It cited the example of IBM, which last year launched MoneySmart, a phone-based personal financial planning service for all its 128,000 U.S employees.
A key element of this has been to help out employers in their 40s and 50s manage their retirement saving since the company froze its defined-benefit plan earlier this year, Karen Salinaro, vice president of compensation and benefits, told the publication.
"This middle group of employees has multiple concerns ranging from college savings to retirement to whether they need or want a second career," she said.
"They need a customised approach where they can sit with a counsellor and go through the issues," she added.
Nick, I agree with the financial concern that workers who stay on past normal retirement age might have. However, there is another side to the argument and I believe, a far more positive one.
I can't believe the negative comments made in the various reports, about older workers. These reports tend to suggest that older workers are less motivated and less productive than their younger counterparts, even given their financial situation. That has not been my experience.
As I reported in an earlier article The ageing workforce - a disappearing asset, the Canadian Centre for Occupational Health and Safety report that older workers exhibit lower turnover, more dedication to the workplace, and have more positive work values. Absenteeism is less frequent, although it is longer when it does happen.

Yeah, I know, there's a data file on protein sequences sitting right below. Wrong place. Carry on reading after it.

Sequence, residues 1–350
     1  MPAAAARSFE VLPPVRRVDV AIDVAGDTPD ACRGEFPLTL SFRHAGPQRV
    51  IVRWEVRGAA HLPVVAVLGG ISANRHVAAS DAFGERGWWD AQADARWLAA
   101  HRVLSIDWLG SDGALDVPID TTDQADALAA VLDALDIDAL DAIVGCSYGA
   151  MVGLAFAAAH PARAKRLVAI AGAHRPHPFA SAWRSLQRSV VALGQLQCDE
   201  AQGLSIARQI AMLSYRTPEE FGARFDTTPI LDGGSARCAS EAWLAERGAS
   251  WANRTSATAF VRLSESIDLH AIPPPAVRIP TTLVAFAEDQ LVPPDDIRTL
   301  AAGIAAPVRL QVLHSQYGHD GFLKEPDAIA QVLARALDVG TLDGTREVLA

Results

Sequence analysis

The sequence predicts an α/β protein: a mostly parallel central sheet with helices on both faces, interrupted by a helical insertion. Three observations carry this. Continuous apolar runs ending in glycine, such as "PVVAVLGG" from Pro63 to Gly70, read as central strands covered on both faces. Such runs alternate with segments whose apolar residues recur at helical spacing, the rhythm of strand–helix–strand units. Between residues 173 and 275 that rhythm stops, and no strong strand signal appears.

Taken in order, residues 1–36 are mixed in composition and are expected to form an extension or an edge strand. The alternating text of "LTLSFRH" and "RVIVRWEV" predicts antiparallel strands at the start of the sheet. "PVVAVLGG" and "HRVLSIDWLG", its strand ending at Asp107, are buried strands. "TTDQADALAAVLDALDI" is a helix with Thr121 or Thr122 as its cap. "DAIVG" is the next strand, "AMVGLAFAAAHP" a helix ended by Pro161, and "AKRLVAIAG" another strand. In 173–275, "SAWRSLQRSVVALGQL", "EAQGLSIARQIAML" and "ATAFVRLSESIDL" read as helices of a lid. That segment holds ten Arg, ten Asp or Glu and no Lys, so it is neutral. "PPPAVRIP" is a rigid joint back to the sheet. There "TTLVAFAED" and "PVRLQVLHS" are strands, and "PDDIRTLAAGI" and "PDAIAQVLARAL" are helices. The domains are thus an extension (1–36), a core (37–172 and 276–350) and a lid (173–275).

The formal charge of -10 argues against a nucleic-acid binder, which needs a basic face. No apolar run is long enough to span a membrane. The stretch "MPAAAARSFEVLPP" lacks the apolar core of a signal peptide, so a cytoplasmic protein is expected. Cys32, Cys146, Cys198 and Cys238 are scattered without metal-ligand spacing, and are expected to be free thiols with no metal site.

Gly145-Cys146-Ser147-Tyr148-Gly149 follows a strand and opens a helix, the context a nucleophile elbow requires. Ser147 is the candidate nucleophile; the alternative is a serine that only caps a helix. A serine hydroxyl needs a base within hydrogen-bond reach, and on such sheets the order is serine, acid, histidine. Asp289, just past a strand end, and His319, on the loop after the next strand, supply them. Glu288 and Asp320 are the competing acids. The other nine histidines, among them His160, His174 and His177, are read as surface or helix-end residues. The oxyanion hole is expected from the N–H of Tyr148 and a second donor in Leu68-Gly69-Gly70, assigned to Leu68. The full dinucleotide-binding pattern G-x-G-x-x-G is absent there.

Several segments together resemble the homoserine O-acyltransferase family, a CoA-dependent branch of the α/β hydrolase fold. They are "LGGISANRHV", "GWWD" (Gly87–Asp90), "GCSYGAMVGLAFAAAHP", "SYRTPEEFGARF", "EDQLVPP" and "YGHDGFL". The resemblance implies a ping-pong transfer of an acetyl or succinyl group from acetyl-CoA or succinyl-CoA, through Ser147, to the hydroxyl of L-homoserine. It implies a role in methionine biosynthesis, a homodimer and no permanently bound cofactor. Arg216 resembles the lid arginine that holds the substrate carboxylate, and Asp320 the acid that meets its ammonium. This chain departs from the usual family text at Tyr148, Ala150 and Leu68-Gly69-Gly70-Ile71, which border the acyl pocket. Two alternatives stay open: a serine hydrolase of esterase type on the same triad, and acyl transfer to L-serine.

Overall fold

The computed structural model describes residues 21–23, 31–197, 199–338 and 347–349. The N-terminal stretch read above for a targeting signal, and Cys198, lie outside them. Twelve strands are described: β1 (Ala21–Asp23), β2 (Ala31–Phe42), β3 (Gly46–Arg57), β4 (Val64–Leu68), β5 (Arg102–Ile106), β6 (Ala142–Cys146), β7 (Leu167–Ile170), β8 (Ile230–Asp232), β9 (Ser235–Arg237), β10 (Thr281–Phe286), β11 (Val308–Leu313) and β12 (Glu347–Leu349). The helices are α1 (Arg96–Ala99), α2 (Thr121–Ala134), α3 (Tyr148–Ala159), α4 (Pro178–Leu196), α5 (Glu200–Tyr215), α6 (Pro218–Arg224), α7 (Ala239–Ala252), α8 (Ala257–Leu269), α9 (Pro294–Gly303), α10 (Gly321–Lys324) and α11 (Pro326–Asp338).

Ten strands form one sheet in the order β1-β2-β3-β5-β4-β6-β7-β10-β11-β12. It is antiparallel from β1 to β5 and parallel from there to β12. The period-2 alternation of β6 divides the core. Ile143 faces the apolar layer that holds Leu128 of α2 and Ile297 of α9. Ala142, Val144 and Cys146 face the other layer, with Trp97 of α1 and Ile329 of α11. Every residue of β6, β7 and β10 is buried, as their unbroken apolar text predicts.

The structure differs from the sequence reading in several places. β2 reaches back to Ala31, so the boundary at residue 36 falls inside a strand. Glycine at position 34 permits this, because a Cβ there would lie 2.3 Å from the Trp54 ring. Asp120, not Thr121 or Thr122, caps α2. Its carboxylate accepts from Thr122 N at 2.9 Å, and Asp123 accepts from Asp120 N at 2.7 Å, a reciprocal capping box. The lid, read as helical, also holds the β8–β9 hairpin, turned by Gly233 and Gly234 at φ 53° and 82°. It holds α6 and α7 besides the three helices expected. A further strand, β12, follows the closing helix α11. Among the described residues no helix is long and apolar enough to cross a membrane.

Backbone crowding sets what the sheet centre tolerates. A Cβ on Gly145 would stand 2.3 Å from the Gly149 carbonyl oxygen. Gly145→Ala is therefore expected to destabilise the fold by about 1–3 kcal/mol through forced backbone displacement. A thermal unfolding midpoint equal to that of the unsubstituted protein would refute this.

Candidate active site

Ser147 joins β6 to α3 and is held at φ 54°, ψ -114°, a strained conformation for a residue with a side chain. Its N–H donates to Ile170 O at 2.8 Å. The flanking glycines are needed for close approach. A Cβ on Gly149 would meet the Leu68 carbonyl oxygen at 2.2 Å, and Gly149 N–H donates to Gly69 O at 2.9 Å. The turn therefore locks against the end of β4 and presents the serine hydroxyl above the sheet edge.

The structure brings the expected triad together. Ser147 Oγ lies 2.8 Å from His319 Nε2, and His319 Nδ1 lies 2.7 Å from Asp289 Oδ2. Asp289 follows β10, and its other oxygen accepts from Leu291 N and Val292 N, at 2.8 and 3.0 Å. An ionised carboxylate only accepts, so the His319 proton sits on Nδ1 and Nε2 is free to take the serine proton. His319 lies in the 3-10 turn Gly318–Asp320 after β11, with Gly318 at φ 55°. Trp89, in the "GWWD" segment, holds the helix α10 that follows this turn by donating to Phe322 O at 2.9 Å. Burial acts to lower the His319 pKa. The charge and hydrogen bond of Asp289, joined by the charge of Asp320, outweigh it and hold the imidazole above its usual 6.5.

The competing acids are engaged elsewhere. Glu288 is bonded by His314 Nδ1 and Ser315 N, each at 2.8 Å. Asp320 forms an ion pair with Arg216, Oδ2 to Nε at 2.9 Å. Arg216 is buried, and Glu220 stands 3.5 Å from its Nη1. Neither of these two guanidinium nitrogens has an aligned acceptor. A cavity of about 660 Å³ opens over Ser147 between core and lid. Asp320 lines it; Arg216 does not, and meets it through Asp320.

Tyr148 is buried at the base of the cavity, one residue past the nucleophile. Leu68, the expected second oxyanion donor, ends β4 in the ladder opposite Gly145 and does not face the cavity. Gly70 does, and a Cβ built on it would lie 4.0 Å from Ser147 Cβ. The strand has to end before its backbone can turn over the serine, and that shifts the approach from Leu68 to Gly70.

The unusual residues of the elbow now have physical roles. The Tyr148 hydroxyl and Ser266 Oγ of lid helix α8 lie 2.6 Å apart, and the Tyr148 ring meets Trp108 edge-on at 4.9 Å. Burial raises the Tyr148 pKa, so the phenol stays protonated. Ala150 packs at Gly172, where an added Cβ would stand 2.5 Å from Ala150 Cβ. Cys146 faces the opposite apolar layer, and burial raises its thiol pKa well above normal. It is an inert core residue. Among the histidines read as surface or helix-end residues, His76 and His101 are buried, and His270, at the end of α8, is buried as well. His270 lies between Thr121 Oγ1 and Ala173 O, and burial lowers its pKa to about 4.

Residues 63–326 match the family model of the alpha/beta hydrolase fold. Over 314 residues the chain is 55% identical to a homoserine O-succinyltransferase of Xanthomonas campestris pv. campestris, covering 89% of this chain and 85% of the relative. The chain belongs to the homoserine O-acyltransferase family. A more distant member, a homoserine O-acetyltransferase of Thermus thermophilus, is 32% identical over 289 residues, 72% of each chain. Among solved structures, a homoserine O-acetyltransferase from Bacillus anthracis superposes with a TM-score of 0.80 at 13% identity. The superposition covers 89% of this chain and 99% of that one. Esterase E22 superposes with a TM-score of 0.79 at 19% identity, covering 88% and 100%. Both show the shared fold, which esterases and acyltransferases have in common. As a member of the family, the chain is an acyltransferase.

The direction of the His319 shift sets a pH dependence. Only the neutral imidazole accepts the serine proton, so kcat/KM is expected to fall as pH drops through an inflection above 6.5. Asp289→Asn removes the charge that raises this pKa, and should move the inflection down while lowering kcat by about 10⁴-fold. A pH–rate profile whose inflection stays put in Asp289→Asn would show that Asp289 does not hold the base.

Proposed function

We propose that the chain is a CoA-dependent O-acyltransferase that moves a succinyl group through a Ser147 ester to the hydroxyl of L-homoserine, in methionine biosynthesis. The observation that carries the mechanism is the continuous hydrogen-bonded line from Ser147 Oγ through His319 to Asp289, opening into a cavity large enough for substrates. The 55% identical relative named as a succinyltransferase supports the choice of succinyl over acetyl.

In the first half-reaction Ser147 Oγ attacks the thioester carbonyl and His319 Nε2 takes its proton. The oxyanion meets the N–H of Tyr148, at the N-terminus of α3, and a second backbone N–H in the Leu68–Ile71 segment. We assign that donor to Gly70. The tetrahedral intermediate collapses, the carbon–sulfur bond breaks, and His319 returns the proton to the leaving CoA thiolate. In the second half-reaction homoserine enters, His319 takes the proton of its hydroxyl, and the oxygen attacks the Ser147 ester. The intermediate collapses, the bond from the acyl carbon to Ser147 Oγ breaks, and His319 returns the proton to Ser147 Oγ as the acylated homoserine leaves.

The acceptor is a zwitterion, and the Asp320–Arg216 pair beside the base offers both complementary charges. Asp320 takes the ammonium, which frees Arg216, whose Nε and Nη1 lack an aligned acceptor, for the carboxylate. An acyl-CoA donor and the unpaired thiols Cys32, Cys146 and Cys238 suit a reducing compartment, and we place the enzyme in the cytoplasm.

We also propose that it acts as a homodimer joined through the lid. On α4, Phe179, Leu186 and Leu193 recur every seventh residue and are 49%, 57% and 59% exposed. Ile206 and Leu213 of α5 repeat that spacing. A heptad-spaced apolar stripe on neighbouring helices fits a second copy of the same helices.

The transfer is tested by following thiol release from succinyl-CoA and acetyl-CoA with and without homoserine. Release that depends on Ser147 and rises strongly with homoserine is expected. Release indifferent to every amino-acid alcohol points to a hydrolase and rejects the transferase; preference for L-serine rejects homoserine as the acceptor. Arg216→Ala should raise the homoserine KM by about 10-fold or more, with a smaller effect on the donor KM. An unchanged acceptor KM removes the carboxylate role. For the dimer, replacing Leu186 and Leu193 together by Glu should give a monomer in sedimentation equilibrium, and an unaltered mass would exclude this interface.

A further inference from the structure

What about the positive effects of having older people at work, such as their ability to mentor younger, less experienced managers (much needed), their extensive industry and organisational knowledge and their ability to maturely deal with people problems encountered with key stakeholders such as customers, suppliers and other staff?
As an ageing slacker myself, I take great affront to these so-called social science researchers who are probably just out of graduate school and may still possibly be able to remember their last pair of short pants.
Employee revenge, litigation, work sabotage, - these people would make great script writers for Hollywood fantasies!
Yes, there is a very real concern about lack of retirement savings and funding, and health care. However, I do not think that this will be the catalyst for older workers to embark on a campaign of industrial espionage.
Where have all these bitter seventy year olds who will create huge employment bottlenecks suddenly come from? If you've been a useful, ambitious employee all your life, why would you suddenly turn into a slacker who does a bare minimum to get by?
Self respect doesn't fly out the window as the years advance - if anything it reveals itself more openly in a willingness to help others get to grips with tasks that will advance them and their organization. Where are the counsellors who will sit with the 'middle group of employees who currently have multiple concerns ranging from college savings to retirement or whether they need or want a second career' going to come from if not from motivated older workers who want new stimuli to keep them up to speed.
The quality older workers bring to the table is experience and an awareness that only by being realistic about the present can we hope to deliver a productive future
We need some new communal social edicts that ensure all people - unless they are of pre -school age or totally incapacitated – should work towards the general good. For what's the point of adding twenty-five healthy years to human lives if they can't be spent out there in the real world?